Mr. SCOTT of Virginia. Mr. Speaker, I thank the gentleman for organizing this Special Order. I will be brief. There are a lot of people who want to speak. I will just speak to the jurisdiction of the Education and the Workforce Committee, on which I have the honor of serving as the ranking member. Mr. Speaker, as we consider appointments to the Departments of Labor, Education, and Health and Human Services, we shouldn't just look at people's personalities, but at what the policy implications are of their appointments. The Senate must reject those nominees who will fail to stand up to the goals and aspirations of America's children and workers. The first nominee I will speak to is that of Secretary of Labor, Mr. Puzder, who was the CEO of CKE Restaurants. He has spoken out many times in opposition to an increase in the minimum wage. Many States have recognized that the minimum wage is so low that people who work full time fail to make a wage that exceeds the poverty level. What is his position going to be on increasing the minimum wage? With overtime, are people entitled to work overtime after 40 hours? The regulation is in place. Will he enforce that new regulation? Or will he try to overturn the regulation that recognizes and honors the 40-hour workweek, whereby those who work more than 40 hours will get time and a half? If you look at CKE's retirement plan, it leaves a lot to be desired in terms of fees.
January 6, 2017 Press Release
WASHINGTON, D.C. – Ranking Member Bobby Scott (VA-03) issued the following statement after the Bureau of Labor Statistics announced that the economy added a total of 156,000 jobs in December, with the unemployment rate at 4.7 percent. “When President Obama took office eight years ago, 3.6 million jobs had already been lost due to the recession. Today’s December 2016 jobs report demonstrates that our economy is undoubtedly stronger, and since early 2010, the economy has added a total of 15.8 million private sector jobs. This progress is largely due to the actions taken by the Obama Administration to bring our economy out of recession. I commend the Obama Administration for all it has done to level the playing field for our nation’s working people and those struggling to find work.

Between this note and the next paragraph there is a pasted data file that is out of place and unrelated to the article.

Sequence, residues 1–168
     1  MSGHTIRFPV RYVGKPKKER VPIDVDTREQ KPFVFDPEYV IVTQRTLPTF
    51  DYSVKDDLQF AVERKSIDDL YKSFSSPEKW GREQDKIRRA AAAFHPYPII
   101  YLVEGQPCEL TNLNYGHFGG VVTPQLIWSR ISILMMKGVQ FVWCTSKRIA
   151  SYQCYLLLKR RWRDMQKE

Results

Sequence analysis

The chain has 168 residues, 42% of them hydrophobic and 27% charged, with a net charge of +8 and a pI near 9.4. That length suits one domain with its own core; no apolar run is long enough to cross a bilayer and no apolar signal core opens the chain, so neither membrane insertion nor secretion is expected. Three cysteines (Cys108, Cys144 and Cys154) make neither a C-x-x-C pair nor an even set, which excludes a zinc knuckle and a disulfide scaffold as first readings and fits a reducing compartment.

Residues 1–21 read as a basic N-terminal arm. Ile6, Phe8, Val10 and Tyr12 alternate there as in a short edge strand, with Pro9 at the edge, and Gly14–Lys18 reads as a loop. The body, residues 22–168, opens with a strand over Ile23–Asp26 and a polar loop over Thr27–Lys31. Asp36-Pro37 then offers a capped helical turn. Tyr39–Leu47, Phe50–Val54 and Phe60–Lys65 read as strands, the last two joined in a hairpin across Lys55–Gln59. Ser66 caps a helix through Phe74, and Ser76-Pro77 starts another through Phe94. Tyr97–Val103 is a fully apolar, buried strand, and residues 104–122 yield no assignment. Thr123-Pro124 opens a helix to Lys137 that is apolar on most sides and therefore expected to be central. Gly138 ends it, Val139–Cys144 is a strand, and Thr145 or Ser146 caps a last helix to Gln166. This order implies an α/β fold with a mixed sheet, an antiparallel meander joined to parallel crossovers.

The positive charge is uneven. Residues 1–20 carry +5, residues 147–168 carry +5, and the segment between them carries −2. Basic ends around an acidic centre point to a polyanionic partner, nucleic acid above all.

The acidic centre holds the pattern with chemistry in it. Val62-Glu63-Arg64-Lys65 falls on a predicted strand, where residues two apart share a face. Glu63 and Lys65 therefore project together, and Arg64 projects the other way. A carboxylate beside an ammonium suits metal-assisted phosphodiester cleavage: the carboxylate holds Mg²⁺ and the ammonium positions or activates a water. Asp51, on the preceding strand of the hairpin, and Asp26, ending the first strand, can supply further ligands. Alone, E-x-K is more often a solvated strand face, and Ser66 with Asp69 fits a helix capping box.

January 5, 2017 Floor Statements
Mr. SCOTT of Virginia. Mr. Chairman, my amendment would exempt from coverage under the REINS Act any rule which pertains to workplace health and safety made by the Occupational Safety and Health Administration, OSHA, or the Mine Safety and Health Administration, MSHA, that is necessary to prevent or reduce the incidence of traumatic injury, cancer or irreversible lung disease. I am offering the amendment because we should not be creating obstacles to the protection of life and limb. We should be concerned about repealing such workplace rules. Actually, this concern is not theoretical. There was a report from the chairman of the Freedom Caucus that actually calls for the repeal of multiple safety and health rules.
January 4, 2017 Floor Statements
Mr. SCOTT of Virginia. Mr. Speaker, I rise in opposition to H.R. 21, the so-called Midnight Rules Relief Act, which amends the Congressional Review Act. The Congressional Review Act allows Congress to overrule regulations promulgated by the executive branch. That law expects a deliberative approach to considering each and every rule. H.R. 21 would allow Congress to consider a joint resolution to simultaneously disapprove of multiple regulations all at once when such rules are issued in the last 60 legislative days of a session of Congress during the final year of a President's term. In this case, the 60 legislative days reach-back would apply to rules issued as far back as June of last year, almost 7 months before the end of the President's term. To call rules issued that long ago a midnight rule is a particular misnomer.
December 8, 2016 Press Release
WASHINGTON, D.C. – Congressman Bobby Scott (VA-03) issued the following statement on his No vote on H.R. 2028, the Further Continuing and Security Assistance Appropriations Act, 2017: “I am disappointed that House and Senate Republicans could not advance a more responsible bill to fund the federal government. Continuing Resolutions are inherently bad policy and hinder the work of the federal government. Considering the uncertainty that surrounds the incoming administration, I think it is more responsible for this Congress to enact a yearlong omnibus appropriations bill for the remainder of fiscal year 2017.